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Current Clinical Trials for Headache, Migraine & Cluster Headache

NIH’s clinical trials database is brimming with clinical trials for headache disorders. There are currently 110 headache, 65 migraine and five cluster headache studies either actively recruiting or will do so soon.

Topics include:

And there are many, many more. Many are for drugs, but others have minimal risks.You can search by which phase trails are in, I, II and III. The website breaks down how the trials differ:

  • In Phase I clinical trials, researchers test a new drug or treatment in a small group of people (20-80) for the first time to evaluate its safety, determine a safe dosage range, and identify side effects.
  • In Phase II clinical trials, the study drug or treatment is given to a larger group of people (100-300) to see if it is effective and to further evaluate its safety.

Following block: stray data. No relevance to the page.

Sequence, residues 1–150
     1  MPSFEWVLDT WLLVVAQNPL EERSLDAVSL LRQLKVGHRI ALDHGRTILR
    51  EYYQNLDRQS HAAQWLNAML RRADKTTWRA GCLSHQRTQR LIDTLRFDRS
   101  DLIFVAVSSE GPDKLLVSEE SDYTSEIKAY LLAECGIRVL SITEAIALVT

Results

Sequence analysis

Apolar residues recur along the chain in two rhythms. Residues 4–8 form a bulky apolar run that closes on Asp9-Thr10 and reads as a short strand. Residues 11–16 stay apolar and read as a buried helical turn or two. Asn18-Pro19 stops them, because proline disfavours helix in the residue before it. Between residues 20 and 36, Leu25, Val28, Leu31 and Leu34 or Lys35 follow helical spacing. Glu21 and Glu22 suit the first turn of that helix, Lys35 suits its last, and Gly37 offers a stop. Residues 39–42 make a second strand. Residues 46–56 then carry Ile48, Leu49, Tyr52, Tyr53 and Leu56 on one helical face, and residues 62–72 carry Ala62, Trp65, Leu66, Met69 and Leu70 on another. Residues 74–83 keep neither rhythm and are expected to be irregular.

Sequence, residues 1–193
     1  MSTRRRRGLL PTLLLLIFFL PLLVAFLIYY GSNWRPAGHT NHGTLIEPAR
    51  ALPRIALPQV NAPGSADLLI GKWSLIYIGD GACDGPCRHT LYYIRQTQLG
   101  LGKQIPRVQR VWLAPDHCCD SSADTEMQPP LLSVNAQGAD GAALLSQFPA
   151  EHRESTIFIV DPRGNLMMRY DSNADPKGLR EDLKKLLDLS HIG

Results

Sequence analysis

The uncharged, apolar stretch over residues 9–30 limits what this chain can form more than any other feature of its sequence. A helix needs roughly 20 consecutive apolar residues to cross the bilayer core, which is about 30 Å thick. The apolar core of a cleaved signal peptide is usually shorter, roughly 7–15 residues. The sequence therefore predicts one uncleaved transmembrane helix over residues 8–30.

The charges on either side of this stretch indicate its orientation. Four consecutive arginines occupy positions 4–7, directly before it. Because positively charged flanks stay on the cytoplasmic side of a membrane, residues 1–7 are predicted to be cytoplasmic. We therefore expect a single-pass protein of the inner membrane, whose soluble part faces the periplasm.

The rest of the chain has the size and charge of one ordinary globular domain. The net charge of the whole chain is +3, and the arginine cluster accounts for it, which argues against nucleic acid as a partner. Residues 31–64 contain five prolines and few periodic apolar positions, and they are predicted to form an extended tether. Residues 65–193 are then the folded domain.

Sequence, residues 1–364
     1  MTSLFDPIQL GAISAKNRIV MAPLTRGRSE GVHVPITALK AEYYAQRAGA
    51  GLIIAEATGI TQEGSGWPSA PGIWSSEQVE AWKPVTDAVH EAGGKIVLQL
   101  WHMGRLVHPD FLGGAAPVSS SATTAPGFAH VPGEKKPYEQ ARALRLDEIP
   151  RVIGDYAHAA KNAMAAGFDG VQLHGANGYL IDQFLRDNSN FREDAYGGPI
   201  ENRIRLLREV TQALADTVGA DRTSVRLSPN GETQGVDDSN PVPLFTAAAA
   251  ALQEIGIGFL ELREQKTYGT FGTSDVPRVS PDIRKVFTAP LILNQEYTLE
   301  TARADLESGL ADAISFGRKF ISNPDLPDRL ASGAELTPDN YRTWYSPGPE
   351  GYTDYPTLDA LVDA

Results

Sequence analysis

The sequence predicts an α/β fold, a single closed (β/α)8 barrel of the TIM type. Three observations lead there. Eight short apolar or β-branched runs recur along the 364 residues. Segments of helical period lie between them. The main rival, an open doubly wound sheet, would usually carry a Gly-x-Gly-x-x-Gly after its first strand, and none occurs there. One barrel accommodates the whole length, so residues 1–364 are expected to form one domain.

• In Phase III studies, the study drug or treatment is given to large groups of people (1,000-3,000) to confirm its effectiveness, monitor side effects, compare it to commonly used treatments, and collect information that will allow the drug or treatment to be used safely.

To learn more about clinical trials and for definitions, stay tuned for tomorrow’s post.

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Please Help Me With a Completly Unscientific, Unreliable Experiment

My acupuncturist told me about an interesting phenomenon and I want to know if it holds true for other people.

When you don’t have a headache, relax your arms at your sides and push on your thighs in the area around where your arms hit. Is the area tender more tender than on another part of your body if you were to push it, like your calves?

Repeat this when you have a headache. Are the spots on your thighs more or less tender than when you didn’t have a headache.

Revealing the phenomenon would further compromise this already compromised experiment. So leave a comment or e-mail me with what you find and I’ll reveal the “results” in about a week. (No fair cheating by looking at the comments on the post!)

The verdict, 03/26/07: My acupuncturist told me that when people have migraines, the area on their thighs becomes painful to the touch and is not sensitive otherwise. This didn’t hold up in my “experiment.” Some people describe the same thing my acupuncturist said; many describe the opposite. I thought that he’d hit on a neat phenomenon, but apparently not.